Current Illinois law places no caps on damages for wrongful death cases. While the state’s wrongful death laws used to include caps on damages (a $500,000 cap for verdicts against doctors and a $1 million cap on verdicts against hospitals), the laws governing those caps were overturned in 2010.


Damages can include any or all of the following:


  • Funeral expenses and burial services, including clergy fees
  • Medical expenses for the cost of the victim’s care from the time the negligence occurred until death
  • Pain and suffering of the deceased person prior to death
  • Lost income, including the deceased’s financial contribution to the family in addition to any benefits, such as health insurance for the family, that are lost as a result of the individual’s death.
  • Loss of consortium, which can include loss of sexual relations and companionship.
  • Punitive damages are awarded to punish the party responsible for the negligence that caused the death. Sometimes they are intended to serve as an example or a deterrent to others who might commit similar negligent acts.


 Wrongful Death Resulting from Medical Malpractice


There are numerous kinds of medical mistakes that can cause an otherwise preventable death. This can happen to patients of all ages, from newborns to the elderly. Death resulting from negligence can occur in a hospital, a nursing home or other assisted living facility or in a setting unrelated to the original act(s) of negligence. There may be a time delay between the negligent action(s) and the fatal consequences. In these cases, a specific cause-and-effect is not always apparent without further investigation and examination of medical records dating back months or years.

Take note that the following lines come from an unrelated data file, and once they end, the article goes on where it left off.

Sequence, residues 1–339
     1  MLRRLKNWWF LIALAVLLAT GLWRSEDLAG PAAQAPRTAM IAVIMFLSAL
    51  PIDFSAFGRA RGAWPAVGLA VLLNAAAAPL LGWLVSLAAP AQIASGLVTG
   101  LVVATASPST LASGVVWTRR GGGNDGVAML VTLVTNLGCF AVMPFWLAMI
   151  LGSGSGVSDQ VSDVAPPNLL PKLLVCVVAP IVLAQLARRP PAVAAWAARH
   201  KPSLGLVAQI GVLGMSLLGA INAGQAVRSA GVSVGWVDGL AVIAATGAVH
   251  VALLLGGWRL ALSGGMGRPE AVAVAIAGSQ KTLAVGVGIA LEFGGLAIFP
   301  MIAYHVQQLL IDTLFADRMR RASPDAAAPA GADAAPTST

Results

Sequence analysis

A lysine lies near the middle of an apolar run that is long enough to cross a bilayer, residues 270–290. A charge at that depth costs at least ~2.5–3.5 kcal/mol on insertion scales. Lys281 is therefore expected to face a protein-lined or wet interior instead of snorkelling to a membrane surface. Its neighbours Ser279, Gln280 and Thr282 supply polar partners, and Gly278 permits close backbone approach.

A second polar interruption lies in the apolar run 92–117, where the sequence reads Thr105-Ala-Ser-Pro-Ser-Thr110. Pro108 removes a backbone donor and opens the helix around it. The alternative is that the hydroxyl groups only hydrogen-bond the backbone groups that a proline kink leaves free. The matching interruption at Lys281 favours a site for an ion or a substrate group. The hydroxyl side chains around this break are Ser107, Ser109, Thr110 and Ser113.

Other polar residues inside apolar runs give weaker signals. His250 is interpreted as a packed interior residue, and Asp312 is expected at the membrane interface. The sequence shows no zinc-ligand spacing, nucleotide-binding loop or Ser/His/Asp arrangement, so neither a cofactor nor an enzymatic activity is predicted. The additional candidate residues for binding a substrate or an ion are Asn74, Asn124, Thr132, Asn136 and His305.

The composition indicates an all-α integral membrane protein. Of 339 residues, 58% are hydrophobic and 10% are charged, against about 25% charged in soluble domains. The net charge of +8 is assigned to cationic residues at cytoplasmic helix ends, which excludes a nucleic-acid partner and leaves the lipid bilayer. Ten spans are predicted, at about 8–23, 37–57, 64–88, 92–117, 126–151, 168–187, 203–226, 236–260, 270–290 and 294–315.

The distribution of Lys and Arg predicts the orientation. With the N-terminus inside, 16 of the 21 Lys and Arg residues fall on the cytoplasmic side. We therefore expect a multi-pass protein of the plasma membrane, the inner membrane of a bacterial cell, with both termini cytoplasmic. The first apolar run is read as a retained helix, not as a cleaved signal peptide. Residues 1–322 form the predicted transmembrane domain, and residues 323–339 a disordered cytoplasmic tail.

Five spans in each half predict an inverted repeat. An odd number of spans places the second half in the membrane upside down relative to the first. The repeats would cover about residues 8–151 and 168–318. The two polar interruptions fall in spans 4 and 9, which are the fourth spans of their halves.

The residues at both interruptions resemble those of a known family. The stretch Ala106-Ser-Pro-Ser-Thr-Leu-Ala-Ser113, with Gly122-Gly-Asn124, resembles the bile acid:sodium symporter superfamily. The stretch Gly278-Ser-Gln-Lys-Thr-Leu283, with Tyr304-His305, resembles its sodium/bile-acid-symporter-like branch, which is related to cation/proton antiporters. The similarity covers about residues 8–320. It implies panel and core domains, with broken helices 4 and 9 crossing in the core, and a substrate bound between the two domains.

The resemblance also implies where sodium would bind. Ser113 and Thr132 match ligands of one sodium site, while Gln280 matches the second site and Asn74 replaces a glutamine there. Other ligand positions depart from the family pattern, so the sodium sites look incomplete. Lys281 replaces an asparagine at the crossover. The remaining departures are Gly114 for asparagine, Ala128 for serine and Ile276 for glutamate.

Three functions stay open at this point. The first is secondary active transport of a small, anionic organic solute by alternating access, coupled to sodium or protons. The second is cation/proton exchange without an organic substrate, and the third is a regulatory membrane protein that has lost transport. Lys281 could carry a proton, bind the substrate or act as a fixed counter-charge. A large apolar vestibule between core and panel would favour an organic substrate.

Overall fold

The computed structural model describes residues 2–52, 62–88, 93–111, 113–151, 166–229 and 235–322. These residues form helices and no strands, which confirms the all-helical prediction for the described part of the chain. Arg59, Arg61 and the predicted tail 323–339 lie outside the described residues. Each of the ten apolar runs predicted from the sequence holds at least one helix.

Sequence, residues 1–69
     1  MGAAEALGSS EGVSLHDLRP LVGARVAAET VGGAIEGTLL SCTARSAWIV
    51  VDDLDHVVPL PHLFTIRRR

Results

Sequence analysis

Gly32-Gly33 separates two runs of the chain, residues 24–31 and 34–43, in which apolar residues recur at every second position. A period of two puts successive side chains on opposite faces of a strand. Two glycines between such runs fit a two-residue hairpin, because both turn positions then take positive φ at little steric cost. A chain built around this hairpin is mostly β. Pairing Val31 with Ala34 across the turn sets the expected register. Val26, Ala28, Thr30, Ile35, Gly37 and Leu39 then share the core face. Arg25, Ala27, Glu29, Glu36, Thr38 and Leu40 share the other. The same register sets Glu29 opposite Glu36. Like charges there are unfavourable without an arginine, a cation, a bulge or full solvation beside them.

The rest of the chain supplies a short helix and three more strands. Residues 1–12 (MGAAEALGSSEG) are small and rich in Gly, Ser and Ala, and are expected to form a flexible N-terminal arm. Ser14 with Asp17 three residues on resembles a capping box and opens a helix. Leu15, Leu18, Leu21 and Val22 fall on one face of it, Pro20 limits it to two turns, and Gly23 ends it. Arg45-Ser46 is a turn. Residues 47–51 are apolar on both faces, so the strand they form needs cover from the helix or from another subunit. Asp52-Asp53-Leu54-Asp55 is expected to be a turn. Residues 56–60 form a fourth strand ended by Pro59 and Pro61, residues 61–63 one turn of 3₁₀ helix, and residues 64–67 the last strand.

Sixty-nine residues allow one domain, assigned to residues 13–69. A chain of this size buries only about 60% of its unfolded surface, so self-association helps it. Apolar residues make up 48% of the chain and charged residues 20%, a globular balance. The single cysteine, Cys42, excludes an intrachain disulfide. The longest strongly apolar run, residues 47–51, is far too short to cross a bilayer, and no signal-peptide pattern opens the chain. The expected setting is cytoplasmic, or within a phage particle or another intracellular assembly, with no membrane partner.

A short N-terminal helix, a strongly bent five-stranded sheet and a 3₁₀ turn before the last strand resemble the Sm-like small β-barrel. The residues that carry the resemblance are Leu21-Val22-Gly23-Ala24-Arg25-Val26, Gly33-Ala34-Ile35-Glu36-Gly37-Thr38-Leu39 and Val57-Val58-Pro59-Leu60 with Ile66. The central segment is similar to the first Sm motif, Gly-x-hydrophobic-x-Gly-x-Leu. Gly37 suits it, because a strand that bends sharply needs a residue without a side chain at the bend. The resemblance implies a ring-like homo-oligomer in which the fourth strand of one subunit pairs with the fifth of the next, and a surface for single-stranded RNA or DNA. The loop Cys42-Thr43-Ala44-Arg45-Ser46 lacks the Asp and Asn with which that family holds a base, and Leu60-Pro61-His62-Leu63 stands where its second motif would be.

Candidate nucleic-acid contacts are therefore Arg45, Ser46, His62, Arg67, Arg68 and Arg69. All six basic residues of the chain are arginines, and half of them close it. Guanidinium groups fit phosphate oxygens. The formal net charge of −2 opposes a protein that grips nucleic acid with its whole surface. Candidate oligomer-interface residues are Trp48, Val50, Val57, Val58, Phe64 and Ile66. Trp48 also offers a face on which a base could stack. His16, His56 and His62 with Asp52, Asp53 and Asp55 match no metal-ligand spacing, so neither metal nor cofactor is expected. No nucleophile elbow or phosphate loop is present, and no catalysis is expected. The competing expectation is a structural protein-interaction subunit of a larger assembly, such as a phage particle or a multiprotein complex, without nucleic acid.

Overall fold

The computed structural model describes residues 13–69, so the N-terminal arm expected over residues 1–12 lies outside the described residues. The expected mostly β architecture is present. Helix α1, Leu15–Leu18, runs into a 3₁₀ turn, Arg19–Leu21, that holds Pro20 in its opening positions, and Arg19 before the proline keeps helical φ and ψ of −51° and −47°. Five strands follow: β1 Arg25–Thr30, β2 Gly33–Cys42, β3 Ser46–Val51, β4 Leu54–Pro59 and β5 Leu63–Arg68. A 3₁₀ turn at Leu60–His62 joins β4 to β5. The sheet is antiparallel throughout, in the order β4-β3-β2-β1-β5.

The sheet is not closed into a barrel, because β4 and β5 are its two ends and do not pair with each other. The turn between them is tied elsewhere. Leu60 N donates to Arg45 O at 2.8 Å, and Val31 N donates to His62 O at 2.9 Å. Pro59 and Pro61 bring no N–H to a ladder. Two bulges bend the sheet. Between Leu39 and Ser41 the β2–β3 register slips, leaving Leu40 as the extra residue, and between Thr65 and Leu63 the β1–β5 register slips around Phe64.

Here are some of the numerous kinds of medical mistakes or negligence that can result in wrongful death:


  • Mistakes during surgery
  • Anesthesia errors
  • Birth Injuries
  • Medication errors
    • Incorrect prescriptions, drugs and/or dosages
    • Pharmacy errors
  • Nursing home abuse and neglect
    • Bedsores
    • Falls
    • Infections
    • Medication incorrectly prescribed or administered
  • Emergency room errors
  • Misdiagnosis or failure to diagnose a treatable disease


Who can File a Wrongful Death Claim


In Illinois, the personal representative of the deceased person’s estate who files the wrongful death claim. In most cases, this is the spouse or adult child of the deceased. If it is a minor child who died, the wrongful death claim may be filed by the child’s parent(s). If no personal representative is appointed or designated in the estate plan, one may be appointed by the court.


Of course, there is no amount of money that can replace the loss of a beloved family member, but grief should not be compounded by mounting medical bills, funeral and burial expenses and other costs the deceased’s income used to cover. Receiving compensation for these and other expenses, including pain and suffering, can go a long way toward helping a family heal from their devastating loss.


If you have lost a loved one due to the negligence of a doctor, nurse, hospital or other medical professional or facility, you may have a wrongful death claim.


Contact of our wrongful death lawyers today for a free consultation.


Source: https://www.usnews.com/news/articles/2016-05-03/medical-errors-are-third-leading-cause-of-death-in-the-us